Joe Kerfuffle, CEO of the large enterprise Widgets Inc., arrives at the office at 9am. He sits down at his desk and turns on his computer. To log in to the organization’s network, Kerfuffle types in his password – “12345.” Best to keep my password simple so I won’t forget it.
After logging in, a reminder pops up on the screen. It asks if he would like to enable two-factor authentication on this device. That just seems like a complete nuisance. He declines.
Kerfuffle checks his email. There’s a memo in his inbox from his cybersecurity team, proposing that Widgets do an annual cybersecurity exercise. Nobody here has time for that. He deletes the email.
He looks at his CFO’s budget proposal for the next fiscal year. He sees a line for “cybersecurity training.” What a waste of time and money! Everybody here already knows how to use a computer. He crosses the line off the budget.
Kerfuffle then checks his calendar. He’s got a quarterly cybersecurity briefing from his CISO scheduled for 11am. I never understand anything my CISO says, with all that jumbled jargon. I’ll just let the tech guys handle it. He tells his secretary to cancel the meeting.
A month later, Widgets’ databases are breached. More than 100,000,000 international customer records are stolen. The story makes the front page across major publications, including the New York Times, and dominates the news cycle for days. Kerfuffle and his team never respond to any of the coverage or the hundreds of media inquiries. An emergency board meeting is called. Soon thereafter, shareholders revolt and demand that heads roll. The board fires Kerfuffle, ending an otherwise flawless, five-year tenure at the top of Widgets.
A Cautionary Tale
Alas, Joe Kerfuffle doesn’t actually exist. He’s merely a cautionary tale – a fictional example of an executive who employs cybersecurity worst practices. But unfortunately, there are plenty of CEOs like Kerfuffle out in the real world. Too many business leaders don’t take their cybersecurity responsibilities seriously, potentially putting their organizations, and their reputations, in peril.
Taking Action: Top 5 Cyber To-Do’s
So how can you avoid the same unfortunate fate as Joe Kerfuffle, and dodge an induction into the cybersecurity hall of shame? Here are five cyber exercises your executives should be doing (but they’re not).
- Use stronger passwords. You hear it all the time, but your employees still haven’t changed their behavior. The two most commonly used passwords are still “123456” and “Password.” You and all of your employees need to use long (eight characters or more), complex (alphanumeric, special characters, mix of upper and lowercase, etc.) passwords and should be prompted to change passwords regularly (i.e., every 30 or 60 days). Refrain from reusing old passwords. You don’t want your team members using the same password for your organization’s networks that they use for their personal Facebook accounts.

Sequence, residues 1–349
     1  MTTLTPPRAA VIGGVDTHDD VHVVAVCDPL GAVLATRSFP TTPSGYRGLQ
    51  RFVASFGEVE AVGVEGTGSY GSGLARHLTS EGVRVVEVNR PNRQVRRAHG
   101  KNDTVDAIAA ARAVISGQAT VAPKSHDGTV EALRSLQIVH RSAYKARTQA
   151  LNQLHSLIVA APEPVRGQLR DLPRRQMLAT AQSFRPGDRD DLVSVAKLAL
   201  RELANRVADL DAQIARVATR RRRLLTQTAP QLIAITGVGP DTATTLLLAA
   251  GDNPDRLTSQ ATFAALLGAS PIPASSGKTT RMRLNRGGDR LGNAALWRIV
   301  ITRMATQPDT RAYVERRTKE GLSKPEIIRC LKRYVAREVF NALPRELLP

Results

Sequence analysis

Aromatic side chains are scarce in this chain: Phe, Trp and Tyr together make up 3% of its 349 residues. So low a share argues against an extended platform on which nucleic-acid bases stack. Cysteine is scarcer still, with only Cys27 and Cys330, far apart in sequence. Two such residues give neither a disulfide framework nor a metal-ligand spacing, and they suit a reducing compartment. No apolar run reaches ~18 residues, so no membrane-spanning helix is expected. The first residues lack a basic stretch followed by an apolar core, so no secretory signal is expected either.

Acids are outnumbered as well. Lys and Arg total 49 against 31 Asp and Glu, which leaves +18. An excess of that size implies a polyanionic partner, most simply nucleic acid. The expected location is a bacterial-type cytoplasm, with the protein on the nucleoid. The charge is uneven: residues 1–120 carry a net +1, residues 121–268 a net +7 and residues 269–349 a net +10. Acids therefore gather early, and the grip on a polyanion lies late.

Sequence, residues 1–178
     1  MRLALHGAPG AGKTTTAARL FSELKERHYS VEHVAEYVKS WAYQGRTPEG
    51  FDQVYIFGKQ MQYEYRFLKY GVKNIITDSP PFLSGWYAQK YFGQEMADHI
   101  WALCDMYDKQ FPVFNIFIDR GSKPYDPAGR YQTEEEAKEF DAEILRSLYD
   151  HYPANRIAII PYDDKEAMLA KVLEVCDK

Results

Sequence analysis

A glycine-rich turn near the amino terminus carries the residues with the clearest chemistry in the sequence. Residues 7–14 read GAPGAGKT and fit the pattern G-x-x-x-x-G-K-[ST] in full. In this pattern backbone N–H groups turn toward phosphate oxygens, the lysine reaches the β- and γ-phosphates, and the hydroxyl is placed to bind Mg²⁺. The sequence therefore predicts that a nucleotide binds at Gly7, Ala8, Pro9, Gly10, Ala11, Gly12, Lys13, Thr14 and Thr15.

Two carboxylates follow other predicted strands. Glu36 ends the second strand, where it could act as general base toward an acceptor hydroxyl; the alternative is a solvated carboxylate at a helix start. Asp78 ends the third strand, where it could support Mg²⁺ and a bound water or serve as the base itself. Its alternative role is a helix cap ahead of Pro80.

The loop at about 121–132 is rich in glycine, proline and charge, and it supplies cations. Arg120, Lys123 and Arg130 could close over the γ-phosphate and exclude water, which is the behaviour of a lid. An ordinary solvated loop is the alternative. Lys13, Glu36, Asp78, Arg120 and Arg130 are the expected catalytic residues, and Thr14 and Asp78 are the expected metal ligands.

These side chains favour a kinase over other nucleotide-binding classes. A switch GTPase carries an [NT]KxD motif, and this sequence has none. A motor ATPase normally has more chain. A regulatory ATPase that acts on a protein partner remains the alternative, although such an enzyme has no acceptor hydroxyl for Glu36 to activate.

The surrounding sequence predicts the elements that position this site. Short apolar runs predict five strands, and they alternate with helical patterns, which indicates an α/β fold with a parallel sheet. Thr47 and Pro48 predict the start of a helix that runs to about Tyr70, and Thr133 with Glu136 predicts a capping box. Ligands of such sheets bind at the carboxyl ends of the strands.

- Require multi-factor authorization. This would help to further protect your organization by mandating that your employees provide a second level of authentication in order to verify identity and gain access to your organization’s systems. There are many solutions for multi-factor authentication, including sending a verification passcode to a cellphone, setting up a Time-based One-Time Password algorithm (TOTP), or even using biometric data. This makes the login process a little longer, but it’s well worth it to have an extra layer of security.
- Conduct an annual cyber breach exercise. Remember when you used to do fire drills in school? The idea was to go through the motions in preparation, so everybody knew what to do in case of an actual fire. This is a version of that for the cyber world. An annual cyber breach exercise, also known as a tabletop exercise, allows you to test your organization’s response to a major cyber crisis. Specifically, you’ll have an opportunity to outline roles and responsibilities, and spot any particular points of failure. When it comes to planning for breaches, practice makes perfect. By doing an annual cyber breach simulation, your organization will be prepared when it inevitably experiences a real cyber incident.
- Get a quarterly cybersecurity briefing from your CISO. This gives you an opportunity to address any new or developing cyber threats. It also allows you to discuss what steps the organization is taking to address potential risks. If you don’t understand any of the technical terminology, ask your CISO for clarification. Don’t fear cyber speak. The cybersecurity lexicon may sound a bit confusing, but once you get past the jargon, the risk management techniques will look familiar and become clearer.
- Invest in companywide cybersecurity training. Spending money on the snazziest security technology can only get you so far. Ultimately, the biggest source of cyber threats isn’t technology, it’s humans. Your workers are your greatest asset, but also your biggest vulnerability. Threat actors are skilled at exploiting people’s inherent trust in order to access systems and data. Thus, it’s important to train your workforce on cyber best practices. As an added benefit, training programs can help you make more informed purchases of cybersecurity tools. By getting a better understanding of your workers’ cyber strengths/weaknesses, and by gauging their feedback, you can select solutions that are most likely to benefit your business. Training programs will require an investment upfront, but they can pay off handsomely by mitigating costly cyber incidents.
Want to Learn More?
If you would like help implementing a cybersecurity strategy, or understanding other cyber risks, check out our Executive Cyber Risk Management seminars, tabletop exercises, and training programs. Let’s discuss how we can help your organization take concrete steps to improve your cyber resilience, today.